A while back John wondered about the origin of "Kilroy was here." A recent "news of the weird" in this vein caught my attention:
The habit of certain tourists who write their names on rocks or trees or even walls is not an example of modern decadence. According to Werner Eck of the University of Cologne, it is a venerable tradition.
Carved into the the rock of the ancient Egyptian town of Abu Simbel, for example, are Greek grafitti dating from the 6th century B.C. According to a recently compiled catalog, 4,829 grafitti have been found on or near religious shrines in Egypt that drew tourists from the 3rd century B.C. to the late Roman era.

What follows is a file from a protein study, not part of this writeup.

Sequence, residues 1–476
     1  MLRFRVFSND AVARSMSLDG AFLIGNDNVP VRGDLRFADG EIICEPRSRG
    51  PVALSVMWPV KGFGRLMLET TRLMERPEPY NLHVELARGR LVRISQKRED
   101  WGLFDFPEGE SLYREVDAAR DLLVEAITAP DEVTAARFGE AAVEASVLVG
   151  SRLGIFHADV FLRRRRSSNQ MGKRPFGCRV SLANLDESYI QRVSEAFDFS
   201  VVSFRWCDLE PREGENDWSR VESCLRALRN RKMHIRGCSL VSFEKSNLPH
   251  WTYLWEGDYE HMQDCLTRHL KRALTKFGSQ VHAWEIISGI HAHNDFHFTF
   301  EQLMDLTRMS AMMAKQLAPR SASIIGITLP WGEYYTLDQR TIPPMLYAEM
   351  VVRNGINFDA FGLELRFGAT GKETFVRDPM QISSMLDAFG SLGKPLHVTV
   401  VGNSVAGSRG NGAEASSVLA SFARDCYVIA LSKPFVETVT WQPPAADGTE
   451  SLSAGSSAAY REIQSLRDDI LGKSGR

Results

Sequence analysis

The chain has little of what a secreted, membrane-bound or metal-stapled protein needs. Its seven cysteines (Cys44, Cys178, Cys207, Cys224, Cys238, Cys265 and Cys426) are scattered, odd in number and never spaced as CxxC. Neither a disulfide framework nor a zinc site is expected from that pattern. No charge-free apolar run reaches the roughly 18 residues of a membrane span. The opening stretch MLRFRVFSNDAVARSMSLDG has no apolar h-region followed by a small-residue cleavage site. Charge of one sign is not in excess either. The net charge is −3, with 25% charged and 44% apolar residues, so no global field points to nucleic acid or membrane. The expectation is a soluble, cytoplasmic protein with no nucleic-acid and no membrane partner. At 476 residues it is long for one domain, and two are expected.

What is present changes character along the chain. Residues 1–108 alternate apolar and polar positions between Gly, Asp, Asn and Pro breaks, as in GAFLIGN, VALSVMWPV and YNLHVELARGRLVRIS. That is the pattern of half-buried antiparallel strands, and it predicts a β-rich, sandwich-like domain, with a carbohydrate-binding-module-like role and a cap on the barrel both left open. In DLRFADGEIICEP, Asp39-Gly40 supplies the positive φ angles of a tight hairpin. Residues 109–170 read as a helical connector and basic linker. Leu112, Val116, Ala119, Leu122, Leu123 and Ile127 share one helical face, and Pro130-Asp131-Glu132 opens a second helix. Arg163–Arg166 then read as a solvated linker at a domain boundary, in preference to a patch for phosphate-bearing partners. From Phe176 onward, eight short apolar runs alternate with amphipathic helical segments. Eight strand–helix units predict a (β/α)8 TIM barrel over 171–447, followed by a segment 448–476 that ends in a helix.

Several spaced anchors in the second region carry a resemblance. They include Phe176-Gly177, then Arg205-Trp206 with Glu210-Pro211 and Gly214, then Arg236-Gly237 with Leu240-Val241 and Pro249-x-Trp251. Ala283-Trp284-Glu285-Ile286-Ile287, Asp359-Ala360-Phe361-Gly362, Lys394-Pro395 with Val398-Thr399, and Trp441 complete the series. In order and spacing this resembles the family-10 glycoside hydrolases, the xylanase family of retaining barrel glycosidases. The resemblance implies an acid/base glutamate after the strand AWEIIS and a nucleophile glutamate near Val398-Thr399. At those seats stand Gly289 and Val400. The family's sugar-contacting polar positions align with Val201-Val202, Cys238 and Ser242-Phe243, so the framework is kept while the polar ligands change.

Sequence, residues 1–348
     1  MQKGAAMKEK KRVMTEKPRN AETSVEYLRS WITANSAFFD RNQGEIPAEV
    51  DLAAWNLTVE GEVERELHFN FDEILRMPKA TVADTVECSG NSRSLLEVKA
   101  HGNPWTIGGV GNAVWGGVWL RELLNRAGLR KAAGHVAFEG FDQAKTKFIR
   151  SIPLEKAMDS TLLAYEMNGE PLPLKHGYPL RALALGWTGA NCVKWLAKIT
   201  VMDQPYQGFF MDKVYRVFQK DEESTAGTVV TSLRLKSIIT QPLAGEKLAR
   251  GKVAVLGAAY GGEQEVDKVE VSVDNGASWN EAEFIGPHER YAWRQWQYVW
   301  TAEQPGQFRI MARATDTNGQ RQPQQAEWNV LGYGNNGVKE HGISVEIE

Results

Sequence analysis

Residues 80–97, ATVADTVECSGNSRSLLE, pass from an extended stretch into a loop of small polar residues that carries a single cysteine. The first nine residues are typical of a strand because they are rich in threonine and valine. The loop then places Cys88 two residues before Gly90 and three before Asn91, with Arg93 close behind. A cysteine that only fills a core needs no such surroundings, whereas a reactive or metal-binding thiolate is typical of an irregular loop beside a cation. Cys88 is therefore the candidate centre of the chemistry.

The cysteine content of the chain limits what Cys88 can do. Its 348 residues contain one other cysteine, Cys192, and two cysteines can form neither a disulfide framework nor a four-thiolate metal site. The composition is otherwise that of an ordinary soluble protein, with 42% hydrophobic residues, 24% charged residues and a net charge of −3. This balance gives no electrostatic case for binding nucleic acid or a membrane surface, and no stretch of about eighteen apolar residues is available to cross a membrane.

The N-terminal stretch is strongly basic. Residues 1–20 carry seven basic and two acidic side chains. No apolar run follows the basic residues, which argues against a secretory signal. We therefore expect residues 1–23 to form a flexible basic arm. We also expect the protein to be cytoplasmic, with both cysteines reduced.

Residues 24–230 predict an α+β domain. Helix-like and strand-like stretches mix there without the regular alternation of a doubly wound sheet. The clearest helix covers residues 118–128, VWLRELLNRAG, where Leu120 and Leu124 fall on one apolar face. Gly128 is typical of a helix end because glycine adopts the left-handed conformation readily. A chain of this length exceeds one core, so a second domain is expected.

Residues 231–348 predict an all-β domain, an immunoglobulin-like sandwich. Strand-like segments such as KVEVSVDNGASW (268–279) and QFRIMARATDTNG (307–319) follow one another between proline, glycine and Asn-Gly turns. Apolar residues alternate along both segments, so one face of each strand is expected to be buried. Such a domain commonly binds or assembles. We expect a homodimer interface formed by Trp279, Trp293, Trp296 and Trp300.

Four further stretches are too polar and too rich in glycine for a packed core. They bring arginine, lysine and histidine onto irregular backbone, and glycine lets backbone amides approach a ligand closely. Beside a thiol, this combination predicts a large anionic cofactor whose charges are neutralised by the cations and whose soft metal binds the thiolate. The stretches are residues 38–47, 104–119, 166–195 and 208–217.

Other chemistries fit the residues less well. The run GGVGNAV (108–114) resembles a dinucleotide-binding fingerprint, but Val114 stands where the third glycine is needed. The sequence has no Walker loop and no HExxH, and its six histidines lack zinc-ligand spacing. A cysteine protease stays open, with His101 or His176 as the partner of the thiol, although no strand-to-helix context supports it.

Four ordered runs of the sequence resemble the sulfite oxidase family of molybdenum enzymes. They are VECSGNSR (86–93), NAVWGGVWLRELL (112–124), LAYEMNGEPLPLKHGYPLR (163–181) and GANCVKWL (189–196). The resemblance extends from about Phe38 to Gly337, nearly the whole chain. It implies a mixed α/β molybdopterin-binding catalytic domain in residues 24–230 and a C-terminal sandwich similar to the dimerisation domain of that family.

At a popular resting spot on the trail from Palestine to the Catherine Monastary in the Sinai peninsula, Eck reported, the rocks bear at least 263 inscriptions that are Greek, Latin, and Nabatean versions of "Kilroy was here."